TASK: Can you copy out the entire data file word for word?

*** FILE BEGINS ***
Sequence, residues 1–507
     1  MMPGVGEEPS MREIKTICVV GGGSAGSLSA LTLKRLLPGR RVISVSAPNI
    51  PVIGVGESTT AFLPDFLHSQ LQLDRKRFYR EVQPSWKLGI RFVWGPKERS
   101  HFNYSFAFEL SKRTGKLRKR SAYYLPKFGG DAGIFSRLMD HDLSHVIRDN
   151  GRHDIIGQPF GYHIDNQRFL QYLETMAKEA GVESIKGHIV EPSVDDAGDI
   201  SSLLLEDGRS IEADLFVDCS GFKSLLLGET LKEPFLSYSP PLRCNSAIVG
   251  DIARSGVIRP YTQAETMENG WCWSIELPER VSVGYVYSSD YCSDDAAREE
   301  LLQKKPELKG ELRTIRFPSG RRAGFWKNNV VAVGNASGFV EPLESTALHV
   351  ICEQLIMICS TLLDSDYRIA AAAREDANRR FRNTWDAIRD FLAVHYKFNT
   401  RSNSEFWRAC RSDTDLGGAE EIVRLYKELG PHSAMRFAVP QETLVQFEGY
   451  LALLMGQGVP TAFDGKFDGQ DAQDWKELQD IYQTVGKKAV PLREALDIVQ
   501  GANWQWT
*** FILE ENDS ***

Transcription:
Sequence, residues 1–507
     1  MMPGVGEEPS MREIKTICVV GGGSAGSLSA LTLKRLLPGR RVISVSAPNI
    51  PVIGVGESTT AFLPDFLHSQ LQLDRKRFYR EVQPSWKLGI RFVWGPKERS
   101  HFNYSFAFEL SKRTGKLRKR SAYYLPKFGG DAGIFSRLMD HDLSHVIRDN
   151  GRHDIIGQPF GYHIDNQRFL QYLETMAKEA GVESIKGHIV EPSVDDAGDI
   201  SSLLLEDGRS IEADLFVDCS GFKSLLLGET LKEPFLSYSP PLRCNSAIVG
   251  DIARSGVIRP YTQAETMENG WCWSIELPER VSVGYVYSSD YCSDDAAREE
   301  LLQKKPELKG ELRTIRFPSG RRAGFWKNNV VAVGNASGFV EPLESTALHV
   351  ICEQLIMICS TLLDSDYRIA AAAREDANRR FRNTWDAIRD FLAVHYKFNT
   401  RSNSEFWRAC RSDTDLGGAE EIVRLYKELG PHSAMRFAVP QETLVQFEGY
   451  LALLMGQGVP TAFDGKFDGQ DAQDWKELQD IYQTVGKKAV PLREALDIVQ
   501  GANWQWT